After a few months they felt ready to try again, so they spun up the fixed system and loaded in the current data. This went much more smoothly. There were still occasional crashes, but their monitoring alerted them almost instantly so they could stop the system, spend time precisely characterising the problem, fix it, test the fix, deploy the fix and restart. The average time between crashes got longer and longer, the impact of failures got smaller and smaller, and after 6 months or so the system achieved its stated goal of greater scale and performance than its predecessor. However, all this was only possible because of the decision to roll back its initial roll-out.
I was reminded of this today when I saw that informed insiders were estimating the US federal healthcare exchanges as "only 70% complete" and needing "2 weeks to 2 months more work" to be ready. Since there are several tens of millions of potential users who need to register before January 1st, this looks to be a precarious situation. It's doubly precarious when you realise that "70% complete" in a software project is code for "I have no idea when we're going to be done." My personal rule of thumb is that "90% complete" means that you take the number of weeks spent in development so far, and expect the same again until the system is working with the specified reliability.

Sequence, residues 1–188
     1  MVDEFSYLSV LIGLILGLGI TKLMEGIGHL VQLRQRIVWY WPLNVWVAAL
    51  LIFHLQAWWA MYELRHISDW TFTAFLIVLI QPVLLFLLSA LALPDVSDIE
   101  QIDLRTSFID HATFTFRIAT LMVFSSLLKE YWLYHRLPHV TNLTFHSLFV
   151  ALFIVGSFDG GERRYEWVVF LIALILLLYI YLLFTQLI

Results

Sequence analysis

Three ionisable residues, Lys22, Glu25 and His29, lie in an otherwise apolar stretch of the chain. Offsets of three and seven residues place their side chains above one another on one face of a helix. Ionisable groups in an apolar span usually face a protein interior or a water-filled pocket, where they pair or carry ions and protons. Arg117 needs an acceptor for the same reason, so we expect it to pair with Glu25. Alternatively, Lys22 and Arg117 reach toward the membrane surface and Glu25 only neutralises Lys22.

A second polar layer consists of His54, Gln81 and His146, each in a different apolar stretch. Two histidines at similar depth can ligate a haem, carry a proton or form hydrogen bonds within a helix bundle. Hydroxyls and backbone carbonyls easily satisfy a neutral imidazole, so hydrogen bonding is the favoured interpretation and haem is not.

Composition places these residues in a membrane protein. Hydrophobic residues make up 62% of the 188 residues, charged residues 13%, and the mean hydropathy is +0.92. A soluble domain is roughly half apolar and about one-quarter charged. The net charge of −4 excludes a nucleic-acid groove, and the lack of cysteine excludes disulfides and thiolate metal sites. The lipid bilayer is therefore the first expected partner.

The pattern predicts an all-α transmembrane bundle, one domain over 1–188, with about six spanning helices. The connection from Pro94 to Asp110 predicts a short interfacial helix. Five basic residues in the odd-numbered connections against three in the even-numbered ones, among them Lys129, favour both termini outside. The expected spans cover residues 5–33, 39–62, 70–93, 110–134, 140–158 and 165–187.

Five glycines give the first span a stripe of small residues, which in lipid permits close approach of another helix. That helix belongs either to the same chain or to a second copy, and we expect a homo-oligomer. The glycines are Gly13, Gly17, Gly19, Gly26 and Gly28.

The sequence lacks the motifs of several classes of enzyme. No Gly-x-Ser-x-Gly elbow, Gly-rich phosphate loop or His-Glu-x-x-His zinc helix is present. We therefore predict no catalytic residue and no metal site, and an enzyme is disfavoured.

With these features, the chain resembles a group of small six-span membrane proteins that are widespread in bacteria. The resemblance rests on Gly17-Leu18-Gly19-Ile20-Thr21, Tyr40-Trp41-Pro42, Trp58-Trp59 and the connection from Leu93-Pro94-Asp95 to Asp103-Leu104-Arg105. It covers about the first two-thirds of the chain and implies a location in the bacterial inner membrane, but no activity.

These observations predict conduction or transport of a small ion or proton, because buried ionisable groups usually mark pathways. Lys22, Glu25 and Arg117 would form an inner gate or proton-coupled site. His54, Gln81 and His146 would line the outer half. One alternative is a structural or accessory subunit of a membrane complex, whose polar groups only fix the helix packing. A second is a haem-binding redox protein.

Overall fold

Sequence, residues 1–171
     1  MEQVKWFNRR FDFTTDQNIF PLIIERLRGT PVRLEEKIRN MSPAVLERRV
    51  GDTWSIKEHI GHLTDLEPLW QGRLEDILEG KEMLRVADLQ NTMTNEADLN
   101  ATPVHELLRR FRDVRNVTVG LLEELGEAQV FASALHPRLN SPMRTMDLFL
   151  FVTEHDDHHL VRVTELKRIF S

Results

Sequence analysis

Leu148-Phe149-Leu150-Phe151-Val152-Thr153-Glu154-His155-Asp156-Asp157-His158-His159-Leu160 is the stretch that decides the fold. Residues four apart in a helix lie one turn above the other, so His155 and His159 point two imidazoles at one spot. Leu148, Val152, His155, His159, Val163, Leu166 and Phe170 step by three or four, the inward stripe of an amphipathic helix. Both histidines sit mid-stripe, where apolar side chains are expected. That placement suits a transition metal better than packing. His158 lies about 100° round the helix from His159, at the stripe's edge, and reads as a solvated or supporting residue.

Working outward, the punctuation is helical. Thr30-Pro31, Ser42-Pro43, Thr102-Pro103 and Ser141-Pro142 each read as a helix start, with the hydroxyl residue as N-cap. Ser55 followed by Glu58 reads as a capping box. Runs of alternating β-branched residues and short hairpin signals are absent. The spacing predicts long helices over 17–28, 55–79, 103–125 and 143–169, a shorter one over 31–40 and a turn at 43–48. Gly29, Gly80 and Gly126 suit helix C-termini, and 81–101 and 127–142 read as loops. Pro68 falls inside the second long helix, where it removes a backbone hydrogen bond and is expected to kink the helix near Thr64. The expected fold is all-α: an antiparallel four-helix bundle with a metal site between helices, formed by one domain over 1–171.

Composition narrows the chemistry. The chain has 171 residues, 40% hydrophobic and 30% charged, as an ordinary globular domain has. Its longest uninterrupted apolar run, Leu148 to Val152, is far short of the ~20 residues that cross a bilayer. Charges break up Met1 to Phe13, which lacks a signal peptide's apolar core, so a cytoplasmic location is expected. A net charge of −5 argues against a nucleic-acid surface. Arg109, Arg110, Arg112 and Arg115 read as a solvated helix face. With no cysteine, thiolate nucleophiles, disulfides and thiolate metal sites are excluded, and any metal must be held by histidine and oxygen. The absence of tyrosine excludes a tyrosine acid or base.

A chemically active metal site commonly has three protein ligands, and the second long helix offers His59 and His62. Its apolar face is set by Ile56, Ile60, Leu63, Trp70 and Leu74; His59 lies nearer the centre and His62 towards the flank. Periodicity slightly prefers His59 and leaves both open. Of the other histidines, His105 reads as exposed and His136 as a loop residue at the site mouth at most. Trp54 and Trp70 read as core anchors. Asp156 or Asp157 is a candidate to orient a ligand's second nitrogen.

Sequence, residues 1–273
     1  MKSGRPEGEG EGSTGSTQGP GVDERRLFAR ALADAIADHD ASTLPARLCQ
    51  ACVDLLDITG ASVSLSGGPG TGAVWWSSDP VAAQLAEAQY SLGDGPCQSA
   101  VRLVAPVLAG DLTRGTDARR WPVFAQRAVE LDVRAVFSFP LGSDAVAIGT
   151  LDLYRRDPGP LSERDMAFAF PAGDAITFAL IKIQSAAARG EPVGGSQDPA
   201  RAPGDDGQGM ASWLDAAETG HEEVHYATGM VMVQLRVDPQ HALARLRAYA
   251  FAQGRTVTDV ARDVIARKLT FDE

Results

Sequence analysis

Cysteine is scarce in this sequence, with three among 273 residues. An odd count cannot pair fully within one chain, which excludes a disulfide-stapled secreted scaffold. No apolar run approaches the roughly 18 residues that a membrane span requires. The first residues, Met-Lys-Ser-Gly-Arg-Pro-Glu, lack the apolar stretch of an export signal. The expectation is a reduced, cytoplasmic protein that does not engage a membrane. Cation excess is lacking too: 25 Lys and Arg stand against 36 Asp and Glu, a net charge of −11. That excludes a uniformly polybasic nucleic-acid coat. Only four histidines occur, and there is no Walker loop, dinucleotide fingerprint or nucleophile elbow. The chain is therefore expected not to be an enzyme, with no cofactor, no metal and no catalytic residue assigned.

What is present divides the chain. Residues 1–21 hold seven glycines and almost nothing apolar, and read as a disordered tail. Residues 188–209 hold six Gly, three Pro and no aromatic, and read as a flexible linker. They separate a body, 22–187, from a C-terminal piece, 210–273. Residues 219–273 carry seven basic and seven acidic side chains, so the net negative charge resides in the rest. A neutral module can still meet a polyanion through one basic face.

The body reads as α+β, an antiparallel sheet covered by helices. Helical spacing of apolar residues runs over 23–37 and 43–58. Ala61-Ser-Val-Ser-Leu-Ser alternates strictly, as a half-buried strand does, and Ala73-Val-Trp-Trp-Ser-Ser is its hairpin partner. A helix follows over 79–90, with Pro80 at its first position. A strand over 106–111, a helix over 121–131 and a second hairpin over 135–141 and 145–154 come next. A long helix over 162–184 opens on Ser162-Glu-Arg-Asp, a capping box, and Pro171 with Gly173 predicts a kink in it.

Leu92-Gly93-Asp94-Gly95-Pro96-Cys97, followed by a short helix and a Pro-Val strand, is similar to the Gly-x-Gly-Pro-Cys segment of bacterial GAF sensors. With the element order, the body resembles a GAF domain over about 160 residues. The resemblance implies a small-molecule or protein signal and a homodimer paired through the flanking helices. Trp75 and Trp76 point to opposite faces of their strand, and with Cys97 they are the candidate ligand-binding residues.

Megan McArdle, whose coverage of the health care exchanges has been consistently superb, makes a compelling case that Obamacare needs to set a deadline date for a working system, and delay the whole project a year if it's not met:
...given that they didn't even announce that they were taking the system down for more fixes this weekend, I'm also guessing that it's pretty bad. Bad enough that it's time to start talking about a drop-dead date: At what point do we admit that the system just isn't working well enough, roll it back and delay the whole thing for a year?She's right. If the system is this screwed up at this point, with an unmoveable deadline of January 1st to enroll a large number of people, any sane project manager would move heaven and earth to defer the rollout. In the next 6-9 months they could address all the problems that the first roll-out has revealed, taking the time to test both functionality and performance against the traffic levels that they now know. There's no practical compulsion to run the exchanges now - the American healthcare system has been screwed up for several decades, the population is used to it, waiting another year won't make a great difference to most voters.
Chance of this happening? Essentially zero. The Democrats have nailed their colours to the mast of the good ship Affordable Care Act, and it's going out this year if it kills them. If they hold it over until next year then the full pain of the ACA's premium hikes will hit just before the mid-term elections, and they will get pummelled. They're hoping that if they launch now then the populace will be acclimatised to the costs by next November. As such, launching this year is a politically non-negotiable constraint. Politics, hard deadlines and under-performing software - a better recipe for Schadenfreude I can't imagine.